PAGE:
Avon True Romance, $4.99, ISBN 0-06-447342-2
Historical Romance, 2002
In a genre increasingly saturated with PG-rated Sex in the City clones, I wonder how Beverly Jenkins’s addition to the young adult genre will fare. Apart from the legion of adult fans rushing to purchase this books, will the kiddies care? But that, I leave it to the Avon True Romance people to sort out. I’m a reader, far older than this book’s target audience – yes, Belle and the Beau is a young adult book, and the author’s biography at the back cover lists all of Ms Jenkin’s more “adult” romances so that your 12-year old will know what to steal from Momma’s book shelf to read late at night – so how does it fare with me?
Well, it’s okay. Sixteen-year old Belle is a sweet, feisty ex-slave who, on her escape trek towards the North, is separated from her beloved father. She finds sanctuary in the household of the Bests, where she learns to start life anew, learns to be a Liberated and Independent lady, and uses her inner purity to win over 18-year old Daniel Best – the most boring guy ever – from that Unworthy Other Lady.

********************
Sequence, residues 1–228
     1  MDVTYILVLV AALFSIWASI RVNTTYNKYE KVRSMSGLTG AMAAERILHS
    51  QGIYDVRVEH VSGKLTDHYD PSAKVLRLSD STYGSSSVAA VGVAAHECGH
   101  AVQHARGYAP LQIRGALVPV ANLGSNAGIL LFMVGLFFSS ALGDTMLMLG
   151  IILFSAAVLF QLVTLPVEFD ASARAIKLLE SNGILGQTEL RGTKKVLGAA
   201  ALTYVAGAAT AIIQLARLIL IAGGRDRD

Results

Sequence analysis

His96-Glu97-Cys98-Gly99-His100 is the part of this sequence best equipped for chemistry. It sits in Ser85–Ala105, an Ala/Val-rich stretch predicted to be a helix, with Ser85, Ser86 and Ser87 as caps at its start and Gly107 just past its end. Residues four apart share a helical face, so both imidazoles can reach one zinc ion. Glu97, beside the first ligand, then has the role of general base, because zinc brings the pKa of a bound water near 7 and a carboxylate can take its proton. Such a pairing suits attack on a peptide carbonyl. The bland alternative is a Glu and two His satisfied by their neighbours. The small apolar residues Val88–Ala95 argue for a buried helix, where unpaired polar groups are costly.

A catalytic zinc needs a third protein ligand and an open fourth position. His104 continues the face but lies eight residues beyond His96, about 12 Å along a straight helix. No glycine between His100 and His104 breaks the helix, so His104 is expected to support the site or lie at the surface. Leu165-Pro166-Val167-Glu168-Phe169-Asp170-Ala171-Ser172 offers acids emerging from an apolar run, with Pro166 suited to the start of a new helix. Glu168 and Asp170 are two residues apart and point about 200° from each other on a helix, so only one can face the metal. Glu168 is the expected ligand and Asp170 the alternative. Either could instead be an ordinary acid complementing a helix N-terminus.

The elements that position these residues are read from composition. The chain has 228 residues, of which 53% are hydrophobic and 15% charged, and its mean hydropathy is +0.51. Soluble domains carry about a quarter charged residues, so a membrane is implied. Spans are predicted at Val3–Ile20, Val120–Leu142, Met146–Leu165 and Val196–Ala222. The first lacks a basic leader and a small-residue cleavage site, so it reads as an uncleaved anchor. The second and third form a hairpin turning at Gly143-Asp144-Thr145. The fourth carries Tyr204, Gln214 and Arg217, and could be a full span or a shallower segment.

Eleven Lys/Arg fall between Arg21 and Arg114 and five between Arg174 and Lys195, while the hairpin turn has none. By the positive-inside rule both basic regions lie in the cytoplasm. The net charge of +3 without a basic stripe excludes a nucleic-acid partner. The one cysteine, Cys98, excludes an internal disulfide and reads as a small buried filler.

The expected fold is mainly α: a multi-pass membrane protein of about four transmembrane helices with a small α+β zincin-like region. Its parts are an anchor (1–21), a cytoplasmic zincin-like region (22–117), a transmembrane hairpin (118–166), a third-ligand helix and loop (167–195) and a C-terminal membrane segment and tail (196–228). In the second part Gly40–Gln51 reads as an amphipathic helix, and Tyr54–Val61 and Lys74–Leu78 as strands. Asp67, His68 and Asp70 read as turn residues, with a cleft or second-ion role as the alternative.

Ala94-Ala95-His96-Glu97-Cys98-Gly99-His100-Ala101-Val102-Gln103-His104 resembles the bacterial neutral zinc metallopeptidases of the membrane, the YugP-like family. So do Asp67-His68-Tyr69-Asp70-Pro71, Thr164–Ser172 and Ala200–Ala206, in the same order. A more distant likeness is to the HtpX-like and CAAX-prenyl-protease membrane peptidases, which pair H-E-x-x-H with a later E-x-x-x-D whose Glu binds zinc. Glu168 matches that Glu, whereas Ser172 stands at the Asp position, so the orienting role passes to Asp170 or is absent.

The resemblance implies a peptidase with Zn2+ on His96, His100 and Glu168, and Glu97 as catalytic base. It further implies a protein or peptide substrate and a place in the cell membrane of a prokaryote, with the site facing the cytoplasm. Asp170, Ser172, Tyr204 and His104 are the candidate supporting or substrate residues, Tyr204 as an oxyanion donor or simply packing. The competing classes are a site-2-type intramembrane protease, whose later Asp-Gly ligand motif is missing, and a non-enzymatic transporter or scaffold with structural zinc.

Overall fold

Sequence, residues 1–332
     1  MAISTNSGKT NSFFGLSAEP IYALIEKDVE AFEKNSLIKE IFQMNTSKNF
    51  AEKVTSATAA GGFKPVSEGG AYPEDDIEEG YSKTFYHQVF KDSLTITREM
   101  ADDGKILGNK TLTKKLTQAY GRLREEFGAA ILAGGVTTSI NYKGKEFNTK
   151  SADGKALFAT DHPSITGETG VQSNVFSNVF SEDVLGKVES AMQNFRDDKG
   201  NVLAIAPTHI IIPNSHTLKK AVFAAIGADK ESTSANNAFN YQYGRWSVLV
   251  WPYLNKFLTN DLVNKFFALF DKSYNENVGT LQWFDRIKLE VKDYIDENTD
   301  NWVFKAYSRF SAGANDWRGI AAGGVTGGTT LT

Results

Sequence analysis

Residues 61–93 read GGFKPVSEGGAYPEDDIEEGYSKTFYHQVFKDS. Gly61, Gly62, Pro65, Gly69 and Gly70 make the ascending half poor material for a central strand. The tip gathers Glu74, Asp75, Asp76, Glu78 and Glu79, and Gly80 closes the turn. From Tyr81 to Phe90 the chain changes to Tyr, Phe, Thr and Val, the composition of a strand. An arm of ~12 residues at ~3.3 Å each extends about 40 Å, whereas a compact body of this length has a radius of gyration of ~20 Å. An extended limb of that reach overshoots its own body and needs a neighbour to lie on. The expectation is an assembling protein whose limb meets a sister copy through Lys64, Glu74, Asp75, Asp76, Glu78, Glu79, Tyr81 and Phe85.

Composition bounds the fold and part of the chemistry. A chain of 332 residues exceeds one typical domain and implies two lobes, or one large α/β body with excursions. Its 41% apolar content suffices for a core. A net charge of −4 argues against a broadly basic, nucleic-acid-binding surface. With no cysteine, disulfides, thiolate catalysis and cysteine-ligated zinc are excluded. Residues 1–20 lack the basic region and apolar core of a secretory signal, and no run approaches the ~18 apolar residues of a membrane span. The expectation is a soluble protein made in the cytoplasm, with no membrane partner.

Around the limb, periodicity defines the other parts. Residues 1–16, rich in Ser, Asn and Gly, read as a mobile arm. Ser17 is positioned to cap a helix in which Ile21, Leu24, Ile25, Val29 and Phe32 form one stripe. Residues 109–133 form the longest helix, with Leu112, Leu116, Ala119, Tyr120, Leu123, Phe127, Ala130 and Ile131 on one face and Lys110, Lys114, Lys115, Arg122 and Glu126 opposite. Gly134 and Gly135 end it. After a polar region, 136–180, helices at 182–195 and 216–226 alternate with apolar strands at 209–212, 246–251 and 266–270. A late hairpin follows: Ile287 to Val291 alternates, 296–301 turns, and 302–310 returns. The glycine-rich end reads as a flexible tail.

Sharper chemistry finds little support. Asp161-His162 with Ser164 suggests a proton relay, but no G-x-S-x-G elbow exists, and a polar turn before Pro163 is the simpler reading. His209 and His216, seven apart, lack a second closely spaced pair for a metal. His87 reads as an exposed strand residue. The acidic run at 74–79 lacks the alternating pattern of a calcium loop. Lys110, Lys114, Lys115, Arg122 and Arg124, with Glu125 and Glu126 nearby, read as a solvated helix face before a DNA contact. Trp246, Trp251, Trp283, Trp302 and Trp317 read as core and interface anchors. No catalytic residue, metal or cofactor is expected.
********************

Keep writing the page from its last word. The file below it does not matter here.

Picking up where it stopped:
Along the way, history is liberally peppered all over the pages, often intrusive but always educational and entertaining, so much so that it seems that the story is only secondary to the history lesson. The Bests aren’t characters as much as they are mere puppets in Ms Jenkins’s history lesson show. Every scene, every action has a historical trivia to be digested. I like it, but I wish Ms Jenkins has compiled a trivia book instead of throwing one of the most boring G-rated romance to my face ever.
I mean, Daniel here… well, he’s the “my best friend’s older brother” plot device. He’s boring, he’s nice, he’s all tall and mysterious because he just happens to be the only guy around. Belle is boring too – this is one young lady who, after surviving days living on dirt, insists on doing her share in the household even after the Bests ordered her to rest.
This is not a bad book – it’s a quick and breezy read. But at the same time, the hero is bland, the heroine is one-dimensionally virtuous, and everyone’s so virtuous and nice that I would love to have the kids in the family read this instead of listening to Eminem. But at the same time, I have a sneaky suspicion that were I their age, I’d rather read VC Andrews and dream about Christopher Dollanganger rather than the starchy, nice, and perfect dullards in Belle and the Beau. Hmm.